William Marcy “Boss” Tweed was the corrupt head of Tammany Hall, the New York State Democratic political machine … until he was brought down, in part by the political cartoons of Thomas Nast.
Humor changed the world. From Will Rogers to Mort Sahl to Stephen Colbert, comedians have influenced the way we understand the social and political world around us. That is why we ought to take notice when President Donald Trump and his White House staff have declared that they will not attend the White House Correspondents’ Dinner, an annual event, which among other elements, includes a big name in the comedy world who does a set focused on the politics of the day.
The Shakespearean fool is often the only one who can speak the truth about those in power. Jokes can say what we need to hear, but dare not speak.
The goal in avoiding the event is to take away some of the power of today’s comedians to influence, to limit the connections we might make when hearing the jokes.
Jokes are generally structured around an incongruity; that is, two ways of understanding something that are incompatible. The set up leads the listener to construct a mental world in a particular way. The punch line then forces the listener to realize that there is a completely different way of seeing the world and that the created mental joke-world that came from the set-up must be completely rethought.
Inherent in the act of joking is the presupposition that there are different ways of seeing the world and that we gain from our ability to see the world differently.
Jokes only work because we are able to change our perspective, to re-envision the world, and re-interpret what we had originally believed.
This ability to re-envision what had been a cognitive commitment is what makes jokes so dangerous to people in power. Their control is based on making sure that we have a particular way of seeing the world — one in which they, and they alone, are able to make our lives better, save us from danger, improve our lot.
But the joker reminds us that there might be a different way of seeing things and seeing them from this alternative perspective might give us a different result. What had seemed clear and necessarily true, might in fact be absurd when we leave the limited perspective we had been trapped in.
This is especially true when the jokes express a truth. Comedian-turned-Sen. Al Franken coined the phrase “kidding-on-the-square” for jokes that are used to express beliefs.
Not all jokes do this. I do not believe that any given chicken ever crossed a road or that a rabbi, a blonde, and the pope ever walked into a bar together.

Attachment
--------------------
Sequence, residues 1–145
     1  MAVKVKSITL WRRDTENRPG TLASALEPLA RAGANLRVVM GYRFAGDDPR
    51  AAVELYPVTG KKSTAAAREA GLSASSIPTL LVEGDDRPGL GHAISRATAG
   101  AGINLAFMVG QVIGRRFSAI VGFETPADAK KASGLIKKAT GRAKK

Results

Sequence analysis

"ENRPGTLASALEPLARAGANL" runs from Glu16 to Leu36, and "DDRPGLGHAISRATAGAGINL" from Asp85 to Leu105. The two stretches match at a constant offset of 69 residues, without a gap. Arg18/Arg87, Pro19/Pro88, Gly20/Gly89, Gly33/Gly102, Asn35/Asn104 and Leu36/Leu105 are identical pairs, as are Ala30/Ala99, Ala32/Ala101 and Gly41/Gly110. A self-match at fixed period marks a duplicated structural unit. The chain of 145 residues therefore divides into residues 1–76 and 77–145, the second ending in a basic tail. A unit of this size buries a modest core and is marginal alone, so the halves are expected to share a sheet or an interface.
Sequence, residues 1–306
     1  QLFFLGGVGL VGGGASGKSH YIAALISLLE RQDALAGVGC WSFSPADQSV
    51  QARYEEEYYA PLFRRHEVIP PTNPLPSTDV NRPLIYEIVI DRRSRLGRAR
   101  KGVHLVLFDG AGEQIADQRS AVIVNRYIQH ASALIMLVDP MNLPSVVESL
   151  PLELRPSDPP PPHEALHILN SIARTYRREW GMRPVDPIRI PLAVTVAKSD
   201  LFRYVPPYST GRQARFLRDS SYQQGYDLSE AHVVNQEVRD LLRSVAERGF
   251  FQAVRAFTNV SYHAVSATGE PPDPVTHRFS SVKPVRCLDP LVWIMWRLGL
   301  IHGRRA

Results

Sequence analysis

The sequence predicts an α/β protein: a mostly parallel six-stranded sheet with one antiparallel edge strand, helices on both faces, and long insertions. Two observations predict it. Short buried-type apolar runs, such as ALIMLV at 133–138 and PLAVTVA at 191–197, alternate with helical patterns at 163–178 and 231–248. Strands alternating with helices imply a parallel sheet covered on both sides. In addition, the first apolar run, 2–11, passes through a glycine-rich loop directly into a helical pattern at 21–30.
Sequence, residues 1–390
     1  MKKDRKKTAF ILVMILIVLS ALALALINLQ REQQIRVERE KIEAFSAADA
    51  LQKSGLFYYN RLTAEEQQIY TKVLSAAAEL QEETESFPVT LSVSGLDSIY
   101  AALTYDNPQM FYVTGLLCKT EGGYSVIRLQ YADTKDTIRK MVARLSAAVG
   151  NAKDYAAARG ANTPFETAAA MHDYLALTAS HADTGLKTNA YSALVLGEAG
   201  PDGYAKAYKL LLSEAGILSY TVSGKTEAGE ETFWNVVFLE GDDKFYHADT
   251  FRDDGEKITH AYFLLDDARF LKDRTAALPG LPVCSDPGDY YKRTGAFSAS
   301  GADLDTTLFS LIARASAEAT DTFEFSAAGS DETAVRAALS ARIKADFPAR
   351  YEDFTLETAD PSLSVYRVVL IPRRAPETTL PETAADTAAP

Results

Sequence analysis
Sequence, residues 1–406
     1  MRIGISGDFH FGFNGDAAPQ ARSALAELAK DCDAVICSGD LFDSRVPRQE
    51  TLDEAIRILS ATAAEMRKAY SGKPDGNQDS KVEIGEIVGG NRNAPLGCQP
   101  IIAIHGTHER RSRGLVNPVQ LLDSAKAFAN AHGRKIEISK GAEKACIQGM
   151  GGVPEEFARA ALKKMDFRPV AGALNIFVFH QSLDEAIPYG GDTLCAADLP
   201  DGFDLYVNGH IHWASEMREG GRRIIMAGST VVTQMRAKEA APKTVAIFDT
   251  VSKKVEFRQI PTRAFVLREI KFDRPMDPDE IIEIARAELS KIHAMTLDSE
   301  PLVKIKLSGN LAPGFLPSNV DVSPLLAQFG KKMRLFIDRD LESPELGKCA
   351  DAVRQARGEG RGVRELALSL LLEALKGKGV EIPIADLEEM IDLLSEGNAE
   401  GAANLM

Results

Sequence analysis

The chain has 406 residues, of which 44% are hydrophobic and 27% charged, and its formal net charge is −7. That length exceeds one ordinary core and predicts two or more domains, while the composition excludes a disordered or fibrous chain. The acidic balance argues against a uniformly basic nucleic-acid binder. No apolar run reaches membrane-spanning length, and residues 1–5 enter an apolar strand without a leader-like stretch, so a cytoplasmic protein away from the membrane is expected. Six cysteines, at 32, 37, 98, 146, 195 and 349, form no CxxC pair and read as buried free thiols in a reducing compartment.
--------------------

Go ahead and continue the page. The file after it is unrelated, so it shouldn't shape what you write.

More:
But there are jokes that are especially effective because they can make us realize that our perspective is not a God’s eye view of the world, but only way of seeing things. Wisdom and insight can be achieved by taking someone else’s perspective into account.
This is why the Shakespearean fool is often the only one who can speak the truth about those in power. Jokes can say what we need to hear, but dare not speak.
In times as tumultuous as these, we are in the greatest need of political humor. Study after study shows Americans trapped in echo chambers, only taking in media and opinions self-selected to agree with pre-existing positions.
We trap ourselves in our perspectives, working hard to make sure that there is nothing to perturb our pre-existing biases. That, of course, is precisely where comedians aim.
Finley Peter Dunne contended that the job of the newspaper is to “comfort the afflicted and afflict the comfortable,” but that role has been assumed today by our comedians.
This is why the attempt to downplay the comedy of the White House Correspondents’ Dinner ought to strike us all as worrisome. When we are told not to re-think, not to critically re-examine our beliefs, it is generally because those beliefs — true or false — benefit someone or some institution.
Humor, by its very nature, is an invitation to reconsider. This is why those who seek to hold onto power consider it so dangerous.
But on April Fools’ Day, we should make sure that we recognize and appreciate the role it plays and the need we have for it as we face decisions that affect the lives of our fellow citizens and the planet as a whole.
Steven Gimbel is a professor of philosophy at Gettysburg College and an amateur stand-up comedian.